Department of European Studies & Modern Languages, Unit Catalogue 2007/08
EU30741 US global politics
| Credits: 6 |
| Semester: 2|
* To provide students with the theoretical and conceptual tools with which to think analytically and critically about US global politics;
* to explore the evolution and current nature of US interactions with the world by analysing US foreign policy in its historical context;
* to be able to understand and explain the formulation and conduct of US foreign relations and its impact in different policy domains (rule/order, security, economy, environment).
Upon completion of this unit students should:
* be able to understand the historic context for and main theoretical issues surrounding American foreign relations;
* be familiar with the institutional context of US foreign policy and the various interests that compete for influence over policy;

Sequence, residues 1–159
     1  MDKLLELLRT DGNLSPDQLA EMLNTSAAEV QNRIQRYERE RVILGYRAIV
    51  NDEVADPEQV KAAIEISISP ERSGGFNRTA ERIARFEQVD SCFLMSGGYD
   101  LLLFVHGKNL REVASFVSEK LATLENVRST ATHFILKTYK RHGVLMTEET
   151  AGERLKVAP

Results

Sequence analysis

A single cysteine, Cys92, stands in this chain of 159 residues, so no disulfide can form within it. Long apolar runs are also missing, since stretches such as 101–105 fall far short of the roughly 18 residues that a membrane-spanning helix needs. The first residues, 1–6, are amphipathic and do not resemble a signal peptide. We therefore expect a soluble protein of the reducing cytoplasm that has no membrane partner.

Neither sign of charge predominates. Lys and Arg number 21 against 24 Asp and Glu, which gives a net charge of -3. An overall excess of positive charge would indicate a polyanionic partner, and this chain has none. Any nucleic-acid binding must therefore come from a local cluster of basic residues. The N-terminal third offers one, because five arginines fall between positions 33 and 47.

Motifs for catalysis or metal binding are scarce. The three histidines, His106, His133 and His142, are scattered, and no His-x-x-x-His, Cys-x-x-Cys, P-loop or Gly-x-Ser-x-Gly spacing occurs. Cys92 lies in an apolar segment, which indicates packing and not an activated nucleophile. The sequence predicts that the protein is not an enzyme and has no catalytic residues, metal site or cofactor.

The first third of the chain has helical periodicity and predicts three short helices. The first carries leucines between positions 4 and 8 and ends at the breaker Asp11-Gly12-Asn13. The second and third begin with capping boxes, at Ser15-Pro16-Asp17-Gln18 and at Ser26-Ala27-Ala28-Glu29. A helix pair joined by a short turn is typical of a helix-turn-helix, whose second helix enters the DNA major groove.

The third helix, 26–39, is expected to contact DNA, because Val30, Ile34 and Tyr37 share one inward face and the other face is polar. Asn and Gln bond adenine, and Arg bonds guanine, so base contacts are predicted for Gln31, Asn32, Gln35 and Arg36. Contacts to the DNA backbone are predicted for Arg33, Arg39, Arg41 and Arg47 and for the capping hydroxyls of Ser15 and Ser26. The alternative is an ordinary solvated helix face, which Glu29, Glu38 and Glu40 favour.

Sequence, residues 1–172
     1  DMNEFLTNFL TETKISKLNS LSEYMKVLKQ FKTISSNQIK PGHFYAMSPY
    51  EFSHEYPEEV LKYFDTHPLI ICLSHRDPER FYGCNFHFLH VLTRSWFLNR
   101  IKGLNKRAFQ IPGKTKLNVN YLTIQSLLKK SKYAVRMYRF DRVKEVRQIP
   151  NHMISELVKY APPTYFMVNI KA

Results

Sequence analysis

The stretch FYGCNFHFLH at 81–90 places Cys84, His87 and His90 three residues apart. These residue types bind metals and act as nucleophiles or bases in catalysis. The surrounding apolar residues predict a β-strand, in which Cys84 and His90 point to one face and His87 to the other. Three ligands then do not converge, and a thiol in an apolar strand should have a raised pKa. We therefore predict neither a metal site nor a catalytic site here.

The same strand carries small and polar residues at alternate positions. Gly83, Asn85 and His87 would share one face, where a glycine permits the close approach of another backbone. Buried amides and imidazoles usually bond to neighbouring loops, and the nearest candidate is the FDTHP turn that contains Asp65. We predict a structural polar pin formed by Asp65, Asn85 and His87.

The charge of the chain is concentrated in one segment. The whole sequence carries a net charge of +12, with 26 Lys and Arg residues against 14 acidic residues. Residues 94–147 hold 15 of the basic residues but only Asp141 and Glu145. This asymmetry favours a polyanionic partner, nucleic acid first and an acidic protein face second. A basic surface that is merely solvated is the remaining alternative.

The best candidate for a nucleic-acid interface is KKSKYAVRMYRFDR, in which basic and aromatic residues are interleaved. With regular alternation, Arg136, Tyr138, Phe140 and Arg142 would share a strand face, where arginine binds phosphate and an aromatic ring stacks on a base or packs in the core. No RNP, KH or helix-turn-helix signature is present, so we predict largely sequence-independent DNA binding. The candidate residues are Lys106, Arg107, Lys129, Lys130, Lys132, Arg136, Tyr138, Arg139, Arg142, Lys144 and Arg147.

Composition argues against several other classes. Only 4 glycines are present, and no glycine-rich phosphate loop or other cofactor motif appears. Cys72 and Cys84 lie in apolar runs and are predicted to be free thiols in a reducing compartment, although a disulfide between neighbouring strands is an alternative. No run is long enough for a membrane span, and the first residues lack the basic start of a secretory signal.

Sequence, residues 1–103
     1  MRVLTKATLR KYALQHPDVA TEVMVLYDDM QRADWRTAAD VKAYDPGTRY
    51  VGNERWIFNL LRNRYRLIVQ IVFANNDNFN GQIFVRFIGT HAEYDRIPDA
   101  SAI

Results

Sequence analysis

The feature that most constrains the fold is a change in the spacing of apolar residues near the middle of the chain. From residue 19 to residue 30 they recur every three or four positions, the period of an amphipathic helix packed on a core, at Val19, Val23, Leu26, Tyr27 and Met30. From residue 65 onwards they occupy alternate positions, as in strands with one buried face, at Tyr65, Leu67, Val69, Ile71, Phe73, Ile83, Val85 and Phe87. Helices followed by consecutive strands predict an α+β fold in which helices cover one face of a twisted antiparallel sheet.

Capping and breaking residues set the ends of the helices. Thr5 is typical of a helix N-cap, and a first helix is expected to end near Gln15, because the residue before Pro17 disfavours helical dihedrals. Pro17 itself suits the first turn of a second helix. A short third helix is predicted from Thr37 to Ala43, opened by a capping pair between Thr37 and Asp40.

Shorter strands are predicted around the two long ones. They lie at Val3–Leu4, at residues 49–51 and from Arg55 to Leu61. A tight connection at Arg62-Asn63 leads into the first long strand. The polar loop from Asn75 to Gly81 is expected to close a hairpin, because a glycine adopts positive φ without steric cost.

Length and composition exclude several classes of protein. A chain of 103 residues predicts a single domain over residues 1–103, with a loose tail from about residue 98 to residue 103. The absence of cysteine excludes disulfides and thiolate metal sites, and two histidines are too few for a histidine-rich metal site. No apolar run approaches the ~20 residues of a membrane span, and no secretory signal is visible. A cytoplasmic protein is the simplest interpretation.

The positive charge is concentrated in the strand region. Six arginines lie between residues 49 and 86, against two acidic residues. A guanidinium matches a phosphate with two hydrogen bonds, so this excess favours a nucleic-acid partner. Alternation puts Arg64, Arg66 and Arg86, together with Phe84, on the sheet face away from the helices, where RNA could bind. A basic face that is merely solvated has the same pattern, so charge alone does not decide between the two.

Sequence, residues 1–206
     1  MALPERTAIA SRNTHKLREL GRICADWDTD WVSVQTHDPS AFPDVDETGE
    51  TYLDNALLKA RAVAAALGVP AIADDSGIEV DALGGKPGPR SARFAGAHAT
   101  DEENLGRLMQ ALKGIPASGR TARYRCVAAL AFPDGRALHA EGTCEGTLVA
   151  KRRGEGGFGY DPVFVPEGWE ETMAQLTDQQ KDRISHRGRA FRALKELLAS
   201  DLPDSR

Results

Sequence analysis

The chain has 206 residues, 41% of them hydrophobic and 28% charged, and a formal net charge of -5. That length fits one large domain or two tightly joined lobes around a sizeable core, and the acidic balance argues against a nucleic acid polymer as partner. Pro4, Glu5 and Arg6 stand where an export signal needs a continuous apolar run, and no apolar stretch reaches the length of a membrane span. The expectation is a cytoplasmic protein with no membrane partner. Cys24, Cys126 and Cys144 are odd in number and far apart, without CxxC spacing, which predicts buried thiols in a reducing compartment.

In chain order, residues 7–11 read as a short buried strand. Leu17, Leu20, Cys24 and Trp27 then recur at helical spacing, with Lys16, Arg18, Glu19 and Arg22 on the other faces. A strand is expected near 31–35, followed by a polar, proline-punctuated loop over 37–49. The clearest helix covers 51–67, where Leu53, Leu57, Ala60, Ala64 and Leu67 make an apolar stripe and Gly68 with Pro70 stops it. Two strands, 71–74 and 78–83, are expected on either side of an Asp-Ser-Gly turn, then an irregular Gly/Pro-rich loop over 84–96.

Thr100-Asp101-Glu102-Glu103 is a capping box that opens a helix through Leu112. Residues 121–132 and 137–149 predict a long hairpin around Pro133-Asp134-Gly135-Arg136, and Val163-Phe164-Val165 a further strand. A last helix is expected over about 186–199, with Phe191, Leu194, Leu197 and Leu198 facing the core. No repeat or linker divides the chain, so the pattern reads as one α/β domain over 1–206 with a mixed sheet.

* display a good knowledge of the role played by the US during the Cold War and the implications of this for global order;
* be able to discuss competently the changing nature of US foreign policy since the end of the Cold War;
* have a good understanding of the main controversies concerning America's role in the world across different policy domains.
Skills in critical analysis, conceptual thinking, precision in the use of written and spoken language, exercise of independent judgement, reasoned argument, teamwork and the planning/conduct/reporting of non-quantitative research are taught and assessed in this unit.
Lectures and seminars will cover the following main topics:
* foreign policy analysis in general and as applied to the United States;
* the foreign policy making process;
* the historical evolution of US foreign policy up to World War I;
* US foreign policy during the interwar years;
* US foreign policy during the Cold War;
* US foreign policy after the end of the Cold War;
* The "Bush revolution" in US foreign policy;
* US foreign policy in different policy domains (e.g. rule/order, security, economy).